Israeli government on Wednesday were to approve a series of emergency measures meant to severely restrict movement ahead of the upcoming holidays, including Israel’s independence and memorial days as well as the Muslim holy month of Ramadan, in a bid to combat coronavirus.
The measures were set to be approved by a telephone vote and include a ban on families of fallen soldiers and terror victims visiting military cemeteries and memorial sites of their loved ones.
The measures are similar to those used by the government to over the Passover holiday.
On Memorial Day, which set to last from sundown on April 27 to nightfall on April 28, Israelis will be banned from leaving their municipal boundaries. On Independence Day on April 28, the country will enter a full lockdown.
Defense Minister Naftali Bennett said Wednesday families would be allowed to visit military cemeteries ahead of Memorial Day, in order to avoid a mass gathering at the graveyards on the day itself.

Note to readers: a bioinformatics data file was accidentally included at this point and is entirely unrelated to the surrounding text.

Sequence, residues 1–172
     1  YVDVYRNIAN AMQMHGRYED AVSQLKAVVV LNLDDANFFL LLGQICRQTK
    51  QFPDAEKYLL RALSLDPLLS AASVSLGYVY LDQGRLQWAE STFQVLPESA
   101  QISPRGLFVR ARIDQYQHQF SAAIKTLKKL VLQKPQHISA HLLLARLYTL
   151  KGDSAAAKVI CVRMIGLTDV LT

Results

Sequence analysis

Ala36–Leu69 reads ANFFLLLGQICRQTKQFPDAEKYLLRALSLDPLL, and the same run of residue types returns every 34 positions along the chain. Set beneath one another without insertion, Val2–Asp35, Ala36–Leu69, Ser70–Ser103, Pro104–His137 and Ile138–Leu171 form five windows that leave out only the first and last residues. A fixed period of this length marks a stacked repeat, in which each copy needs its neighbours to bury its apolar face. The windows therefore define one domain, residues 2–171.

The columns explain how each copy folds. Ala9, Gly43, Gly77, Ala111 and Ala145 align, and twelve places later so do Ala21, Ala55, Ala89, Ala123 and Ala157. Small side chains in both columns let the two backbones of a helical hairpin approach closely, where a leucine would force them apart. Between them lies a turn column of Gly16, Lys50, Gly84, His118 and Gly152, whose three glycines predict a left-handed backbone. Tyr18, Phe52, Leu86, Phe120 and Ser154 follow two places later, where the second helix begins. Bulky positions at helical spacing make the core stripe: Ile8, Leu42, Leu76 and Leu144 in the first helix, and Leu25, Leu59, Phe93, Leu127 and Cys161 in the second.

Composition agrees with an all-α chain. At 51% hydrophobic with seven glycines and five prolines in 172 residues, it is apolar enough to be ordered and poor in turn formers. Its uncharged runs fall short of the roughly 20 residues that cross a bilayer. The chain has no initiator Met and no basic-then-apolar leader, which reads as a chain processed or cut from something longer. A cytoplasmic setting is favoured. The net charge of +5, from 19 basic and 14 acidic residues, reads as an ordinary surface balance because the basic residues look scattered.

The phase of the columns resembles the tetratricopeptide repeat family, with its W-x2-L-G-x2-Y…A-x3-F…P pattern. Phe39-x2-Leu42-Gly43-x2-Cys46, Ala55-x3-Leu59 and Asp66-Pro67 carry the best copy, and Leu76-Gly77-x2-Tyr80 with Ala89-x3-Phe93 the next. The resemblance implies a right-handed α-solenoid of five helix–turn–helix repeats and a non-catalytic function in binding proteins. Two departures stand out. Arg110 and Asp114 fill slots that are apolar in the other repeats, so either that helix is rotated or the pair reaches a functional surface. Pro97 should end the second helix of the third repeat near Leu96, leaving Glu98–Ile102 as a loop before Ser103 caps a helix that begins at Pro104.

“The nuclear families alone can visit the cemetery starting this Wednesday morning and until Sunday night, whenever they wish, while observing the accepted social distancing rules,” Bennett said in a statement.
“It’s a painful decision, but it’s necessary. The decision was made after consulting with the head of Yad Labanim,” he added, referring to the largest bereaved families organization in Israel.
A curfew will also be imposed in Arab communities from 6 pm to 3 am every day during the holy Muslim month, which begins on Thursday.
Businesses will be allowed to make deliveries, but within each municipality's limits.
Muslim worshipers fast in the daytime during Ramadan and normally hold large family meals at night as well as communal prayers, but those traditions will have to be altered this year in light of health guidelines meant to fight COVID-19.
Many Muslim clerics and leaders worldwide have issued updated guidelines for Ramadan in light of the pandemic, trying to balance tradition with caution.